About Us

About Us

The Kent and Medway Progression Federation is a partnership between Canterbury Christ Church University, the University for the Creative Arts, the University of Kent and 40 schools in Kent and Medway.

Collaboratively, we work to raise the aspirations and attainment of young people from challenging backgrounds who might not otherwise consider progression to higher education. The vast majority of young people with whom we work are from disadvantaged backgrounds or comprise first generation higher education applicants, meaning they are the first in their immediate family to go to university.

KMPF was originally established in 2011 when the national Aimhigher programme came to an end. It is one of just a handful of remaining partnerships in the country to have continued beyond the cessation of central government funding in 2011, thanks to the support and contributions of its member organisations. Its longevity evidences the commitment and passion of colleagues within our local universities, schools and local authorities towards ensuring that every young person who has the potential to benefit from HE – regardless of their family background – has the opportunity to participate and succeed.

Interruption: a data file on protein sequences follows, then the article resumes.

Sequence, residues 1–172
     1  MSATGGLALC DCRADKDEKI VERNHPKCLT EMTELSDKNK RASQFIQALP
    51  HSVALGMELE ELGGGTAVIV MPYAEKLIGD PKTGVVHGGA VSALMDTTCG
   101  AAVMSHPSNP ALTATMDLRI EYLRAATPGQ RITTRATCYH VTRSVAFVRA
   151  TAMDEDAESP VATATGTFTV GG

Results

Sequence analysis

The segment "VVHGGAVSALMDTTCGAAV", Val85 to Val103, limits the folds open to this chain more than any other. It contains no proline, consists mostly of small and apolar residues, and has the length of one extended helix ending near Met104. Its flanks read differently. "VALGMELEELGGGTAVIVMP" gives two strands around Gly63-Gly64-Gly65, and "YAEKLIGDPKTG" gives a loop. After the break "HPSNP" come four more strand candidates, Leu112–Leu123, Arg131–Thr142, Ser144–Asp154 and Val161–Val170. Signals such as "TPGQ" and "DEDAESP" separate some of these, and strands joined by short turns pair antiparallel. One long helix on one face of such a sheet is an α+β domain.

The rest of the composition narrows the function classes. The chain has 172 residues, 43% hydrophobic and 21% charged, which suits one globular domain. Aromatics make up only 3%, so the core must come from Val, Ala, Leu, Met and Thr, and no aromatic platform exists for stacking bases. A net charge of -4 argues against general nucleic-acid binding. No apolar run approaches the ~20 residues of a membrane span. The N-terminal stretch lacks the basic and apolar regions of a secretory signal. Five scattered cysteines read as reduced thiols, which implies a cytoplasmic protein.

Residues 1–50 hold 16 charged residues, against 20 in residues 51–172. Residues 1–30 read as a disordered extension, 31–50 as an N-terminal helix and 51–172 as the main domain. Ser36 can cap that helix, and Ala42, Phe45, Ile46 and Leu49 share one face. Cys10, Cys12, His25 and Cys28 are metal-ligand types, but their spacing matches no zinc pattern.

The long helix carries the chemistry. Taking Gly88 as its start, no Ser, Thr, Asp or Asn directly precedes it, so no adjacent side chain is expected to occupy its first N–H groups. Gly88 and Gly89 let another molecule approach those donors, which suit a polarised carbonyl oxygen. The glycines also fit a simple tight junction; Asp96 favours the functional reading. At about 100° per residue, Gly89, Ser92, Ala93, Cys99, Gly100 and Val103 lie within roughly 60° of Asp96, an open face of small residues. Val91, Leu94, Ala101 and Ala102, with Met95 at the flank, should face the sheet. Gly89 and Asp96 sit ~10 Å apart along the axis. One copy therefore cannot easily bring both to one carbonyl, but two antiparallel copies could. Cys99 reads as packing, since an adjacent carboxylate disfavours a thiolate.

KMPF is entirely sustained through the commitment and contributions of our partner organisations:

KMPF has oversight of the Kent and Medway Collaborative Outreach Programme (KaMCOP).

Nationally, this work of KaMCOP falls under the banner of the National Collaborative Outreach Programme (NCOP), an Office for Students (OfS) funded project aimed at promoting social mobility by improving access to higher education for young people from disadvantaged backgrounds.

KaMCOP is required to focus its work to engage with and raise the aspirations of young people from specific geographical locations in Kent and Medway.

Are you a Partner School?

Access key information for your school including: Schools' Packs, activities and lists of key contacts.

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Partner Schools' Area

80% of KMPF students successfully achieved their qualification, compared to 79% nationally

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Impact & Research